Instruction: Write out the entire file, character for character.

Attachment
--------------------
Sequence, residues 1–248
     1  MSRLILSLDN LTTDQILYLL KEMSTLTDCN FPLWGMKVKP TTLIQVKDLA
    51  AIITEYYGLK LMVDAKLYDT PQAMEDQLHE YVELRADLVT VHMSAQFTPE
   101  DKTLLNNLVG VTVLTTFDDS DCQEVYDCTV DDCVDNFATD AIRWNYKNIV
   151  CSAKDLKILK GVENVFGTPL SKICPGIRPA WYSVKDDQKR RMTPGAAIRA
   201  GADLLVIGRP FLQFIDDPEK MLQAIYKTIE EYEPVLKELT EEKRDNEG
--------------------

Sequence, residues 1–248
     1  MSRLILSLDN LTTDQILYLL KEMSTLTDCN FPLWGMKVKP TTLIQVKDLA
    51  AIITEYYGLK LMVDAKLYDT PQAMEDQLHE YVELRADLVT VHMSAQFTPE
   101  DKTLLNNLVG VTVLTTFDDS DCQEVYDCTV DDCVDNFATD AIRWNYKNIV
   151  CSAKDLKILK GVENVFGTPL SKICPGIRPA WYSVKDDQKR RMTPGAAIRA
   201  GADLLVIGRP FLQFIDDPEK MLQAIYKTIE EYEPVLKELT EEKRDNEG